Large thermal changes driven by a magnetic field have been proposed for environmentally friendly energy-efficient refrigeration, but only a few materials that suffer hysteresis show these giant magnetocaloric effects. Here we create giant and reversible extrinsic magnetocaloric effects in epitaxial films of the ferromagnetic manganite La(0.7)Ca(0.3)MnO(3) using strain-mediated feedback from BaTiO(3) substrates near a first-order structural phase transition. Our findings should inspire the discovery of giant magnetocaloric effects in a wide range of magnetic materials, and the parallel development of nanostructured bulk samples for practical applications.
Grain boundaries separate crystallites in solids and influence material properties, as widely documented for bulk materials. In nanomaterials, however, investigations of grain boundaries are very challenging and just beginning. Here, we report the systematic mapping of the role of grain boundaries in the hydrogenation phase transformation in individual Pd nanoparticles. Employing multichannel single-particle plasmonic nanospectroscopy, we observe large variation in particle-specific hydride-formation pressure, which is absent in hydride decomposition. Transmission Kikuchi diffraction suggests direct correlation between length and type of grain boundaries and hydride-formation pressure. This correlation is consistent with tensile lattice strain induced by hydrogen localized near grain boundaries as the dominant factor controlling the phase transition during hydrogen absorption. In contrast, such correlation is absent for hydride decomposition, suggesting a different phase-transition pathway. In a wider context, our experimental setup represents a powerful platform to unravel microstructure-function correlations at the individual-nanoparticle level.
The sensitive response of the nematic graphene oxide (GO) phase to external stimuli makes this phase attractive for extending the applicability of GO and reduced GO to solution processes and electro-optic devices. However, contrary to expectations, the alignment of nematic GO has been difficult to control through the application of electric fields or surface treatments. Here, we show that when interflake interactions are sufficiently weak, both the degree of microscopic ordering and the direction of macroscopic alignment of GO liquid crystals (LCs) can be readily controlled by applying low electric fields. We also show that the large polarizability anisotropy of GO and Onsager excluded-volume effect cooperatively give rise to Kerr coefficients that are about three orders of magnitude larger than the maximum value obtained so far in molecular LCs. The extremely large Kerr coefficient allowed us to fabricate electro-optic devices with macroscopic electrodes, as well as well-aligned, defect-free GO over wide areas.
Ultrafast photoinduced phase transitions could revolutionize data-storage and telecommunications technologies by modulating signals in integrated nanocircuits at terahertz speeds. In quantum phase-changing materials (PCMs), microscopic charge, lattice, and orbital degrees of freedom interact cooperatively to modify macroscopic electrical and optical properties. Although these interactions are well documented for bulk single crystals and thin films, little is known about the ultrafast dynamics of nanostructured PCMs when interfaced to another class of materials as in this case to active plasmonic elements. Here, we demonstrate how a mesh of gold nanoparticles, acting as a plasmonic photocathode, induces an ultrafast phase transition in nanostructured vanadium dioxide (VO2) when illuminated by a spectrally resonant femtosecond laser pulse. Hot electrons created by optical excitation of the surface-plasmon resonance in the gold nanomesh are injected ballistically across the Au/VO2 interface to induce a subpicosecond phase transformation in VO2. Density functional calculations show that a critical density of injected electrons leads to a catastrophic collapse of the 6 THz phonon mode, which has been linked in different experiments to VO2 phase transition. The demonstration of subpicosecond phase transformations that are triggered by optically induced electron injection opens the possibility of designing hybrid nanostructures with unique nonequilibrium properties as a critical step for all-optical nanophotonic devices with optimizable switching thresholds.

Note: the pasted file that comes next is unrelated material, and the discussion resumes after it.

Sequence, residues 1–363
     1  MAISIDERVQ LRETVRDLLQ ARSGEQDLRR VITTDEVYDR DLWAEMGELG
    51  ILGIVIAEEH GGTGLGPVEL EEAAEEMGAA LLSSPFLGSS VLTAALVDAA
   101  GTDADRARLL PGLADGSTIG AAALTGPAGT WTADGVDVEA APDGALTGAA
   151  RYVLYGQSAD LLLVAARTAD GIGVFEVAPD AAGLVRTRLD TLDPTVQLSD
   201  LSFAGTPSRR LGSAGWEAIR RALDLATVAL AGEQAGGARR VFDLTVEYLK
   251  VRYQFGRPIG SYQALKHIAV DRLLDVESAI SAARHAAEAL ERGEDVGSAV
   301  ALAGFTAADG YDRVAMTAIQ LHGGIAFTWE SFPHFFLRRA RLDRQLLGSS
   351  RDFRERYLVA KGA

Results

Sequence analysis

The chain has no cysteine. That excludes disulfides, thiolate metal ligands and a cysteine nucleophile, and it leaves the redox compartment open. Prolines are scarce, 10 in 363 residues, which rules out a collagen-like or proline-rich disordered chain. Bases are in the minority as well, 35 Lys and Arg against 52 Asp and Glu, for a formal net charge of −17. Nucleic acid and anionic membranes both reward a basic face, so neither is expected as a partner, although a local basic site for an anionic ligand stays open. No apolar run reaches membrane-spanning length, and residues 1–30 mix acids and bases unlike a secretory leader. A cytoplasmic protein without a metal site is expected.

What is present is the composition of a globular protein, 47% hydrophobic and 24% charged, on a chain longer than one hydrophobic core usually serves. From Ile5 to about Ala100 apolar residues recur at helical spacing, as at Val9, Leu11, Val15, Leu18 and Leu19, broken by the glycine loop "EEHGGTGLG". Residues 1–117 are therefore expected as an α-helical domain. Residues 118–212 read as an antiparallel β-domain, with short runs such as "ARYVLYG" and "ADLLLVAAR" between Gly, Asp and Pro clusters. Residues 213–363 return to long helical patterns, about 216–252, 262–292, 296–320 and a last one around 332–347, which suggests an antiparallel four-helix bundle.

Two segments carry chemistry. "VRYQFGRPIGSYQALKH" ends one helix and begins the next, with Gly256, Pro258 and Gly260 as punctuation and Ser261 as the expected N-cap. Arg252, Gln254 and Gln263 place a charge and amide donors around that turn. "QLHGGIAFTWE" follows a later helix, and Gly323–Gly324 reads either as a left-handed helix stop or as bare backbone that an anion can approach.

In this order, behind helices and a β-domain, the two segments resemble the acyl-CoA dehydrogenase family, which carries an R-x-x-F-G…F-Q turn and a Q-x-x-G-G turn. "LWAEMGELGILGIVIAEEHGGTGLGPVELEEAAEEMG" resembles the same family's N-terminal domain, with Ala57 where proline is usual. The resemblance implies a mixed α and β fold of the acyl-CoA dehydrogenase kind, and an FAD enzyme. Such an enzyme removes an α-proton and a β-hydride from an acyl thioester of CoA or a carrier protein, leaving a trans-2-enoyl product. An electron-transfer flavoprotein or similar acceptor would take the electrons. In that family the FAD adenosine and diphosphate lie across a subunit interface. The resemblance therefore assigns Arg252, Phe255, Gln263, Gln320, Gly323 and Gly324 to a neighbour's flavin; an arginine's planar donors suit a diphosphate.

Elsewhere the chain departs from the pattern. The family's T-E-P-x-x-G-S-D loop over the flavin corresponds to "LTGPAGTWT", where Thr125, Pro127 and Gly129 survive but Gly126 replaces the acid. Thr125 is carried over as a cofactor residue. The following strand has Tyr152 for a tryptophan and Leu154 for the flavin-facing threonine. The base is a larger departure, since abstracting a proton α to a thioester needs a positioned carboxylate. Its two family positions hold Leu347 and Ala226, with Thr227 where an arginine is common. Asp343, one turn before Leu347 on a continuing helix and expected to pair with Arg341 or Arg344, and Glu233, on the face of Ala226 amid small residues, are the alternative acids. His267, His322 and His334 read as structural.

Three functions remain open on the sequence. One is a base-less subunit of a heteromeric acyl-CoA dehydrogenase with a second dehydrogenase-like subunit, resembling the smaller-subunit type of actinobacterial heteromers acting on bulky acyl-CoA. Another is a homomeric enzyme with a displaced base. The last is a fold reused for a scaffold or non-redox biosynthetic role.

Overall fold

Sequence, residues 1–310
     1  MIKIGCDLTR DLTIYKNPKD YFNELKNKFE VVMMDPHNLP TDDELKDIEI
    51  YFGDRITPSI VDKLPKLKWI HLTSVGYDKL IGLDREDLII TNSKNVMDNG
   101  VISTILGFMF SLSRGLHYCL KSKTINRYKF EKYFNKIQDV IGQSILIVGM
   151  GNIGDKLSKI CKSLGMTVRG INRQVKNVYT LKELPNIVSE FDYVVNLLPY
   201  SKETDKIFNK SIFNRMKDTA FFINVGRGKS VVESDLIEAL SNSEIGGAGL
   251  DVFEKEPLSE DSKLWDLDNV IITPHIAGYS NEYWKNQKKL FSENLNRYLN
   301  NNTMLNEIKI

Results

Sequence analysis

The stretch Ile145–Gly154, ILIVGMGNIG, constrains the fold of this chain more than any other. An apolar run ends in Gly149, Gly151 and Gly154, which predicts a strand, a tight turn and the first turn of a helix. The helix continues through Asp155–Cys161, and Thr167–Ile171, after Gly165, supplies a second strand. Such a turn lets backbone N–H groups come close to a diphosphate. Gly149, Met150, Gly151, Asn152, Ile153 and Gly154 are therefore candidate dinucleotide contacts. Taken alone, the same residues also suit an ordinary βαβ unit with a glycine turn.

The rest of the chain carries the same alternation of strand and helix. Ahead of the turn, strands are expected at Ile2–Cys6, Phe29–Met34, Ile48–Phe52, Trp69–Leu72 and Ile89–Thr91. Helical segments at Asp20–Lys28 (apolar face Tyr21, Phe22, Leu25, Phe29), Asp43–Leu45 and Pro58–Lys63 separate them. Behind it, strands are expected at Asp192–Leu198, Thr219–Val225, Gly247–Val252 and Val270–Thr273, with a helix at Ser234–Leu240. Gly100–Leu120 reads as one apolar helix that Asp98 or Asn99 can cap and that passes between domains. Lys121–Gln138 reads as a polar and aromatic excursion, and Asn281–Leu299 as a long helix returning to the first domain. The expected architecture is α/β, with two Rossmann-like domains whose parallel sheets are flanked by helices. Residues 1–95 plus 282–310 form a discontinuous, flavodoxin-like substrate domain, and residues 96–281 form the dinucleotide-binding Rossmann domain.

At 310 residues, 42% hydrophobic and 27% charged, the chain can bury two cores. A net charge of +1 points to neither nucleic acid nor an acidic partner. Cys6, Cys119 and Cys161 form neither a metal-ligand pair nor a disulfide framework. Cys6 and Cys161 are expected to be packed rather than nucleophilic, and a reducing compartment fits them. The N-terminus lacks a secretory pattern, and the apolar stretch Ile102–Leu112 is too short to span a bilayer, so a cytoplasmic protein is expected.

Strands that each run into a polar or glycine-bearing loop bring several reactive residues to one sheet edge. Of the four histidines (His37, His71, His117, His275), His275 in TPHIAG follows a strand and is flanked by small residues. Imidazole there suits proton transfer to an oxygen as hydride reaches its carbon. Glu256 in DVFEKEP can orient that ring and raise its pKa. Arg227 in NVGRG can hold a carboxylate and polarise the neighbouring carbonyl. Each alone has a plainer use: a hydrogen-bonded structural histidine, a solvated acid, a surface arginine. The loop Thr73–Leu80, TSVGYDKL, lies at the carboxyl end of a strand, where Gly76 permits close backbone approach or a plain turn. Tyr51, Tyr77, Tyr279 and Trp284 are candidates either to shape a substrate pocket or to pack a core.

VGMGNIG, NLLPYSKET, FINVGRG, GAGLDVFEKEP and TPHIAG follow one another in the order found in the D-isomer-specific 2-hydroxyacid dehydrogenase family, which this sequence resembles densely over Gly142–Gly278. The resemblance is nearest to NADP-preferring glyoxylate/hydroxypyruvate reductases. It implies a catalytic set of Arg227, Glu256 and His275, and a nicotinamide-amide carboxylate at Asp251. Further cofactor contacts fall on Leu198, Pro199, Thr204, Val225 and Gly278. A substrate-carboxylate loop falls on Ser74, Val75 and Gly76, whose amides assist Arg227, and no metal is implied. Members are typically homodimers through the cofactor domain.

To stabilize the copper and aluminum ions in simulated sludge, a series of sintering processes were conducted to transform Cu/Al precipitation into spinel structure, CuAl(2)O(4). The results indicated that the large amount of salt content in the simulated sludge would hinder the formation of crystalline CuAl(2)O(4) generated from the incorporation of CuO and Al(2)O(3), even after the sintering process at 1200°C. Opposite to the amorphous CuAl(2)O(4), the crystalline CuAl(2)O(4) can be formed in the sintering process at 700-1100°C for 3h with the desalinating procedure. According to the theory of free energy, the experimental data and references, the best formation temperature of CuAl(2)O(4) was determined at 900-1000°C. As the temperature rose to 1200°C, CuAlO(2) was formed with the dissociation of CuAl(2)O(4). The XPS analysis also showed that the binding energy of copper species in the simulated sludge was switched from 933.8eV for Cu(II) to 932.8eV for Cu(I) with the variation of temperature. In this system, the leaching concentration of copper and aluminum ions from sintered simulated sludge was decreased with ascending temperature and reached the lowest level at 1000°C. Furthermore, the descending tendency coincided with the formation tendency of spinel structure and the diminishing of copper oxide.